Efforts to recover the £2.3 billion of taxpayer cash wrongly paid to employers claiming Covid furlough support for staff who continued to work has been “woeful” and will fail to deter potential future criminals, MPs have warned.
The Commons Public Accounts Committee (PAC) said the Government has had little success recouping the cash, while it blasted the decision to wind up the Taxpayer Protection Taskforce without having recovered the money, saying it put taxpayer cash at risk.
In its report on Covid employment support, the cross-party committee said HM Revenue & Customs (HMRC) was too slow to tackle problems in the design of the support schemes launched at the height of the pandemic, which saw some of those in genuine need miss out, while others were able to fraudulently and incorrectly claim.
It said while the schemes needed to be rushed out to provide much-needed support, HMRC’s performance in recovering incorrectly claimed cash “has been woeful”.
The report concluded that the Government does not have a good enough understanding – and lacks proof of – the impact of £97 billion of taxpayers’ money spent on furlough job support.
Dame Meg Hillier, chair of the committee, said: “Bad actors in British business are running rings around the revenue.
“Perhaps some of the same companies that were complaining about even the minimal levels of transparency over billions and billions that were paid out in order to save jobs in this country but are now just lost to the public purse, likely forever.
“While money that genuinely saved jobs and households was got out admirably quickly, the weak recovery effort will fail to deter potential future criminals. Too many companies claimed that shouldn’t have and now won’t give it back.”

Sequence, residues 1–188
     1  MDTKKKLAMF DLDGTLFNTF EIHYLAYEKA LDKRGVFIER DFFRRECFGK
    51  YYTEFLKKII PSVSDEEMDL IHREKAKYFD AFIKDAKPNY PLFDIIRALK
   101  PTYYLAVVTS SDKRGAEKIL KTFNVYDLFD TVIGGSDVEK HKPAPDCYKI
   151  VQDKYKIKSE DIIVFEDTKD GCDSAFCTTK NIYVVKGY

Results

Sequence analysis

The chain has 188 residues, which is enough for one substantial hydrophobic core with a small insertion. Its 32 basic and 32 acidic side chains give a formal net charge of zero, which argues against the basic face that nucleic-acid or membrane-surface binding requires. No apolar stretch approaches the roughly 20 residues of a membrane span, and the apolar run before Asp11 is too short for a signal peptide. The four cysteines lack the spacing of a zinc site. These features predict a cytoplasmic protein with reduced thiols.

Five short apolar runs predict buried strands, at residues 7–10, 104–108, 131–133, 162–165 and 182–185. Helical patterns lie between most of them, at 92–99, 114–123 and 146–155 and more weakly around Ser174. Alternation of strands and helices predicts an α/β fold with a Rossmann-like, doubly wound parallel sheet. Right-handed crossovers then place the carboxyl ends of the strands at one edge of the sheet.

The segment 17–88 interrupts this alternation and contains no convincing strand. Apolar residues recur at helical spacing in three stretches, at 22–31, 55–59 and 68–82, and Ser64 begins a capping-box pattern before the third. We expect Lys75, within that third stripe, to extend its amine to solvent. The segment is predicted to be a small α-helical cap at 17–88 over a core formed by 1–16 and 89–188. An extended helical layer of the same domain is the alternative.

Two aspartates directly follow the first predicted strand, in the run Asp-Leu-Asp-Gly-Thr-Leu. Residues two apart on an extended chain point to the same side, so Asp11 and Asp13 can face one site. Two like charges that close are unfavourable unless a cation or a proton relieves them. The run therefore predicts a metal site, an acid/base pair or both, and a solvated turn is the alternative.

The committee called on HMRC to “send a clear message on recovering fraud through its tax compliance activities and must urgently increase the rate of repayments from those who overclaimed”.
It is estimated that £4.5 billion in total has been lost to error and fraud in furlough, while at least £5 billion was paid out where incomes did not drop.
Weaknesses in HMRC’s data contributed to the first three of the five self-employed grants giving £3.5 billion to people whose incomes had increased during 2020-21, according to the PAC.
It added that furlough payments of around £6.5 billion were also made to employers whose turnover stayed the same or increased during the pandemic, with £1.5 billion of this going to employers who reported that they would not have made redundancies or closed permanently even without the scheme.
But it said HMRC has “taken little action to punish culprits”.
HMRC was undertaking just 31 criminal investigations in November 2022 compared to the almost 50,000 civil cases it had opened by October 2022, the report shows.
By March last year, HMRC had only issued £1.1 million of penalties – just 0.5% of the value of overpayments it had identified.
“Consequently, employers who had overclaimed furlough have little incentive to voluntarily repay grants as they are unlikely to be penalised if identified by HMRC’s compliance teams,” the report claimed.
The PAC wants the Government to publish its final assessment of the furlough and self-employed income support schemes by the end of the year, detail the lessons learned and work with other countries to learn from wider international experience of providing employment support during the pandemic and see how they compare with the UK.
A Government spokesman said: “Without furlough, millions of people would have lost their jobs.
“We had to act quickly to prevent catastrophic increases in unemployment.
“These schemes limited fraud and error, without delaying payments for those in desperate need of them.
“Over £1 billion has already been protected or recouped and we continue to root out those who abused the system.”